Notaries abroad

In all likelihood, readers may be more aware of notaries outside England and Wales. In essence notaries fall into three categories: Commonwealth notaries or former British Commonwealth notaries, Civil Law notaries and US type notaries.

Firstly, Commonwealth or former British Commonwealth notaries are more akin to those in England and Wales in that they are legally qualified lawyers, who are principally involved in the preparation and completion of Notarial Acts and Instruments for use abroad. An international representative body for such notaries, including notaries throughout the British Isles, is in the process of being formed and will be known as the World Organisation of Notaries (WON).

Secondly, Civil Law notaries are much more central to the legal processes in their countries, normally having a monopoly in respect of non-contentious legal work. In mainland Europe and most parts of the Americas (notable exceptions being the USA and all Canadian provinces except Québec) most countries have legal systems based on the Code Napoléon, into which the role of the notary is deeply embedded. The Union Internacional del Notariado Latino (UINL) is the international body, which represents such notaries.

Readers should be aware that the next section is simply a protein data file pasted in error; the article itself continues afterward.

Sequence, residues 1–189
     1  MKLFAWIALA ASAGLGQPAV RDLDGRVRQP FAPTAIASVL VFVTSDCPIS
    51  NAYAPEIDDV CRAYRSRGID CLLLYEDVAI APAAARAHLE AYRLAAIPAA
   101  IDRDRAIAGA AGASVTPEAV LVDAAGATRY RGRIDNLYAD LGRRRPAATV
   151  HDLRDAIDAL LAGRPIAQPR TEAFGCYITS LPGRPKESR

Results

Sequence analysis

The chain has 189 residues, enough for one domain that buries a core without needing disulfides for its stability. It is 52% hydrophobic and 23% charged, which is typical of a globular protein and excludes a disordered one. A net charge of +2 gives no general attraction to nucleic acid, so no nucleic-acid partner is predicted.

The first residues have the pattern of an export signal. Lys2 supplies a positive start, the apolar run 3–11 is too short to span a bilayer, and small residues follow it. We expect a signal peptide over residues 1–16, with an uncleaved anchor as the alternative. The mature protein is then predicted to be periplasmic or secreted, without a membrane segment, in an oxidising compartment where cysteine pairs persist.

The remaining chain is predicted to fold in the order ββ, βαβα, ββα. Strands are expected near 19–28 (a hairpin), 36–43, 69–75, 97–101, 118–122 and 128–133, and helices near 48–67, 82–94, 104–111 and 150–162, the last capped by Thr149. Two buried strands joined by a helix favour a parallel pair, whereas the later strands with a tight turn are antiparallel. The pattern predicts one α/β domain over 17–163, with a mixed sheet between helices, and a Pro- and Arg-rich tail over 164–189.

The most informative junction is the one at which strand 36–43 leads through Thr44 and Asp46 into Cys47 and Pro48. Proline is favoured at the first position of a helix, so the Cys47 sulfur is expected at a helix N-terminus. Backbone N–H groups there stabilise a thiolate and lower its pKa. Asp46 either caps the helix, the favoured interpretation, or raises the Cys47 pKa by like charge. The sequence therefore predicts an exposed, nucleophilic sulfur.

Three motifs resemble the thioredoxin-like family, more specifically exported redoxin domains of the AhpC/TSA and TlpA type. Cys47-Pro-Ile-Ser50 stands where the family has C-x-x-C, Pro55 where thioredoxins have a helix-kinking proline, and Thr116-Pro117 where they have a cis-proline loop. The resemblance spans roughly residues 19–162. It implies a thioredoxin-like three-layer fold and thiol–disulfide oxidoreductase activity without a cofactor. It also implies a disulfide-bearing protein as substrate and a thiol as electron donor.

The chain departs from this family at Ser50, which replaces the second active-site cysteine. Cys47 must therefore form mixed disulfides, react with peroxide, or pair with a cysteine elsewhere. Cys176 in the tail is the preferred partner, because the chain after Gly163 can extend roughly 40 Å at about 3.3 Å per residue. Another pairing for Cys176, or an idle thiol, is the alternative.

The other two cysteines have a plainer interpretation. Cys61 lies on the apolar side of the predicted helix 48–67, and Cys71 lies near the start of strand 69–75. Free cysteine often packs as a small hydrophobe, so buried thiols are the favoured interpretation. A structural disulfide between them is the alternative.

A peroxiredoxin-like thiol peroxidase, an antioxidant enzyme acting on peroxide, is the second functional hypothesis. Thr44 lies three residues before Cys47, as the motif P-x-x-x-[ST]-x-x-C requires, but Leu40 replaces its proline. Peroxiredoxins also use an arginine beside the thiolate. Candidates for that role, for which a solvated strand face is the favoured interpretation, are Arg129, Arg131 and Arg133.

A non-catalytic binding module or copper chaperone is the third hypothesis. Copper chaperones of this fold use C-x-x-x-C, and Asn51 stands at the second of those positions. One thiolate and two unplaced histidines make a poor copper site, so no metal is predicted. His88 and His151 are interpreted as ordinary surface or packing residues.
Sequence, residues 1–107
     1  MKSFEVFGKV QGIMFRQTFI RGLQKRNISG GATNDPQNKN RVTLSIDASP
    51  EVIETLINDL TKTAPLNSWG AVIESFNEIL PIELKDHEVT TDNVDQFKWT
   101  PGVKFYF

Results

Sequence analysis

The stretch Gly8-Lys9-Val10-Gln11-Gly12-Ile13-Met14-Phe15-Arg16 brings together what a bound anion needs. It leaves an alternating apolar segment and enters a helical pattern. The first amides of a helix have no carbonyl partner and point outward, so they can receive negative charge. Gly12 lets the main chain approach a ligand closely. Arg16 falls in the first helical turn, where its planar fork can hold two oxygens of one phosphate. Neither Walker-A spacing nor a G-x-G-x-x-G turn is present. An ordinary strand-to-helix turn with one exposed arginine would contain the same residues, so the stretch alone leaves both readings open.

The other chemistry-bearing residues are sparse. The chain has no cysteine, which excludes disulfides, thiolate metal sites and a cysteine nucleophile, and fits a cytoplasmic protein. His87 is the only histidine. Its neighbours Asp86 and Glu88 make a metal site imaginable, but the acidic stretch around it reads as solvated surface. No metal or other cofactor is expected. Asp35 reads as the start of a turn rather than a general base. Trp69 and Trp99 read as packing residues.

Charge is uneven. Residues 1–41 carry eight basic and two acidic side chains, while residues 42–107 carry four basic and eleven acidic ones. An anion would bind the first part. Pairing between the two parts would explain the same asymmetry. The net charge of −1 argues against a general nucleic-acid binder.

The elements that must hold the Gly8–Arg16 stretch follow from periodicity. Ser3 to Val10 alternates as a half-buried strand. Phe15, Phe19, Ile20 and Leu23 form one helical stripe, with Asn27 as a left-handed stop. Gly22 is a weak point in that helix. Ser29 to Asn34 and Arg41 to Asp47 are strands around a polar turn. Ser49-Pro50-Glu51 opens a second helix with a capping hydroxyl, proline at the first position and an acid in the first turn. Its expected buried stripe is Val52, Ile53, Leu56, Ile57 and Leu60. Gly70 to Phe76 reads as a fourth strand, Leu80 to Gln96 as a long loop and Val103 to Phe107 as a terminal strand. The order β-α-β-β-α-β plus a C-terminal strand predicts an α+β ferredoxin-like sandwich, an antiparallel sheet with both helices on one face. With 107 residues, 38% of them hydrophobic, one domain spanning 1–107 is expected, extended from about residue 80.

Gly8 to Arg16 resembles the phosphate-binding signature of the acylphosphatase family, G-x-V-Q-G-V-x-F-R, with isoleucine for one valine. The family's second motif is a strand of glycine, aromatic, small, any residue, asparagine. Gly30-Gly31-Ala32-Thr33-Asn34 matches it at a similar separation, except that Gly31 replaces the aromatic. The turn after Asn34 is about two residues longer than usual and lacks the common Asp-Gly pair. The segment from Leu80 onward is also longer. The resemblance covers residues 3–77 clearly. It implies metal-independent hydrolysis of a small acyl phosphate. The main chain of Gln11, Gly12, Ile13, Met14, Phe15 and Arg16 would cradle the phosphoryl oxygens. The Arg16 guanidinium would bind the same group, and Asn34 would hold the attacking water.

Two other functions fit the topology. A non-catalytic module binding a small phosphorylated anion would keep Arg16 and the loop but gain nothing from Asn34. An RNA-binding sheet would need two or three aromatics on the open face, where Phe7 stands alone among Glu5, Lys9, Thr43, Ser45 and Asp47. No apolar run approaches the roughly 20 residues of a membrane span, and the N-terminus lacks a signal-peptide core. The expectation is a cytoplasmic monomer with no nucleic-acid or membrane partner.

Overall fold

Thirdly and lastly, US type notaries are for the most part not legally qualified and are merely state appointed officers, who certify identification.

A serious warning

Solicitors and barristers and other legal practitioners are ill-advised to act as Commissioners for Oaths or in their capacity of solicitor or barrister or otherwise in completing documentation for use abroad. There have been many incidents and there continue to be many incidents of such documents being completed and/or attested by solicitors or barristers or legal executives and then being rejected. It is only a matter of time before such a document for use abroad, which should have been completed before and by a notary public or notary, is rejected and a time limit is missed. There will then be a substantial negligence claim against the solicitor, barrister or legal executive or other legal practitioner who has completed the document, for the losses incurred. The message must be that in the case of any documents for use abroad, one should refer the documents to a notary or notary public before completion. Details of notaries public or notaries are available on the Notaries Society website www.thenotariessociety.org.uk


Anthony Northey